2021 Volume 56 Issue 2 Pages 43-52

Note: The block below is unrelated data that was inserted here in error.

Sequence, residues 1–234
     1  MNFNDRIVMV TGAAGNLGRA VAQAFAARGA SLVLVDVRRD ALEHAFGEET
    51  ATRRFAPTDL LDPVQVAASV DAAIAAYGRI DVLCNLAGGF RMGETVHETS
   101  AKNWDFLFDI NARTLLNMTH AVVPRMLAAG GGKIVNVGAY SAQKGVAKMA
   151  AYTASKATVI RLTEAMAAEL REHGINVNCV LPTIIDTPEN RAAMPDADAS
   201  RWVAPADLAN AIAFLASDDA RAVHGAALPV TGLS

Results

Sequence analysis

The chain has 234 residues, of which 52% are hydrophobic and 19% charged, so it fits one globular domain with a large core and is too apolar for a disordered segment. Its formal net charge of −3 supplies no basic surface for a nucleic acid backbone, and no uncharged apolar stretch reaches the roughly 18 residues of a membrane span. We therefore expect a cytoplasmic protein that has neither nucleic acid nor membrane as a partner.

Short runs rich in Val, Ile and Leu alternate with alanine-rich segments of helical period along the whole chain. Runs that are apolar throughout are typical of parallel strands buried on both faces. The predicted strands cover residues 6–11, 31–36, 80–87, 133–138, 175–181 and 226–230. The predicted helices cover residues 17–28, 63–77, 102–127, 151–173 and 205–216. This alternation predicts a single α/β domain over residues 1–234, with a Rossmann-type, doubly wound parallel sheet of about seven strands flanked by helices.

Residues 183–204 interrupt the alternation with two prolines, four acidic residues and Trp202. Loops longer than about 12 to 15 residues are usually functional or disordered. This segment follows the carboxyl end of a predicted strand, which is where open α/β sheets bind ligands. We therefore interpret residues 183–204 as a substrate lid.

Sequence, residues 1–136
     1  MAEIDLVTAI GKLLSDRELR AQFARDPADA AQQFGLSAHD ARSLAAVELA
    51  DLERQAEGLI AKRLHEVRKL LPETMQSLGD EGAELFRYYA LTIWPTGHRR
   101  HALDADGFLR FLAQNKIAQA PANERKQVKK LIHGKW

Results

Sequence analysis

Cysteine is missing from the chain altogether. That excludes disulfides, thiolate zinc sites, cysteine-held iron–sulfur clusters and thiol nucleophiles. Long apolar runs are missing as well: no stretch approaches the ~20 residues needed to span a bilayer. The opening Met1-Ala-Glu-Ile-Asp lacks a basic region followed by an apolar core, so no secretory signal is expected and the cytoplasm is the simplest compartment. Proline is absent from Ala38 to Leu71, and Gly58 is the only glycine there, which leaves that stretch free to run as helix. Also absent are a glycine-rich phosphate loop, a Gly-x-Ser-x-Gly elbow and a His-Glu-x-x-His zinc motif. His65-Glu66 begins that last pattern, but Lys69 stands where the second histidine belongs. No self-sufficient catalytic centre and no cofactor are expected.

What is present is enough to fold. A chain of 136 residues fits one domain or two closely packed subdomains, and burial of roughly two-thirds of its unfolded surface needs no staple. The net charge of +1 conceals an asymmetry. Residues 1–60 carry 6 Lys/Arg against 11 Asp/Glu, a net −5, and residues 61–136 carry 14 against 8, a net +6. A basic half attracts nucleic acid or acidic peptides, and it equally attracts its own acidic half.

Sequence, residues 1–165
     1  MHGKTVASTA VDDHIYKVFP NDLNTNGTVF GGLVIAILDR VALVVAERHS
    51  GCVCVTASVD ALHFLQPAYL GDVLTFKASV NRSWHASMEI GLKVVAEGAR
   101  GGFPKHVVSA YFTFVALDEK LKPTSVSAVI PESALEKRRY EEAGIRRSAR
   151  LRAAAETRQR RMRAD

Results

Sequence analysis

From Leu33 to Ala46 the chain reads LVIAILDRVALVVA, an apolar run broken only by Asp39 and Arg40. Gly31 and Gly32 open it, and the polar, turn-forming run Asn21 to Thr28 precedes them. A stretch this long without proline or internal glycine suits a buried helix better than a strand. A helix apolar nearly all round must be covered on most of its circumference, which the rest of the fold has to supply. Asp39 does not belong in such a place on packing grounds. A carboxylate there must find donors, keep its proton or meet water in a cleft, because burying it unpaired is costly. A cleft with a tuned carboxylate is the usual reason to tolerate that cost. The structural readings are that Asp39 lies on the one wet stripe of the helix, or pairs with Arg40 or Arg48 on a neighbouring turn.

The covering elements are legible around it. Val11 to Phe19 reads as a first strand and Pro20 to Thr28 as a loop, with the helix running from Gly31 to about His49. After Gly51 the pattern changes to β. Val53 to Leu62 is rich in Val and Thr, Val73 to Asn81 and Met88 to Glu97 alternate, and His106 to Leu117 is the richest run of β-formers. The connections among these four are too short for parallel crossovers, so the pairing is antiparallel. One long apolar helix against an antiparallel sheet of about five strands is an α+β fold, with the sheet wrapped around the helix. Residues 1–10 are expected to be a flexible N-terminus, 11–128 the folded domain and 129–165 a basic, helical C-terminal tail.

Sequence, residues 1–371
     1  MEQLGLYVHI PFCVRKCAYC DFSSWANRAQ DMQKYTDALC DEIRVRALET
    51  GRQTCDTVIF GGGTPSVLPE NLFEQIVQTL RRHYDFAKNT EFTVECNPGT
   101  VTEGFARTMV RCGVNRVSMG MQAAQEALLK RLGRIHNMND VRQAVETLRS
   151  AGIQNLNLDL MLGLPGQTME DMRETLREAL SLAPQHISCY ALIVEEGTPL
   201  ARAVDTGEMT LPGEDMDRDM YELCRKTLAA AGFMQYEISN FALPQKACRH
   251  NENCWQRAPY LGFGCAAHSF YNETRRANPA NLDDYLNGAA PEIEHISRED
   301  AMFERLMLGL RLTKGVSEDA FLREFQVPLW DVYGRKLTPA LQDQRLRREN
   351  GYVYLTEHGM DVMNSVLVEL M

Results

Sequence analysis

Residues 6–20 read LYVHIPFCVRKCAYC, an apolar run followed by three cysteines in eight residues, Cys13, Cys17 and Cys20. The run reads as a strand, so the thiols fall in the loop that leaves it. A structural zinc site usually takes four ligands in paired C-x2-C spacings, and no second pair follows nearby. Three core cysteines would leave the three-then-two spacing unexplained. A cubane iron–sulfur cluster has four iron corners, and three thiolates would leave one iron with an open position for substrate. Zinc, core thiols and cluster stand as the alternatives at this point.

Long-term parasitological surveys were conducted on the isopod Ceratothoa verrucosa infecting red seabream Pagrus major caught in Iyo-Nada, Ehime Prefecture during the period of 2003–2007. The isopods were almost always in a pair of a male and a female, attached to the buccal cavity wall. The earliest infection occurred when seabream was 0+ year-old and the isopods grew as host fish grew. Prevalence of infection ranged from 12.2% to 21.2% when the host was 0+ to 5-year-old and decreased to 3.4% at 6-year-old and no infection among 7-year-old and older fish. These results suggest that infection was established when the host was 0+ year-old, and their life span of C. verrucose was estimated to be up to 6 years. Infected fish sometimes showed deformation in the upper jaw and growth retardation, but there was no evidence of infection-related mortality. The main reproduction season of the isopod was in summer, estimated by the presence of manca larvae in the marsupium of the female. Sometimes the monogenean Choricotyle elongata attached to the pleotelson of C. verrucosa. Prevalence and abundance of the monogenean were higher in the hyperparasitized seabream than in the fish without isopod infection, suggesting that the isopod favored the monogenean infection.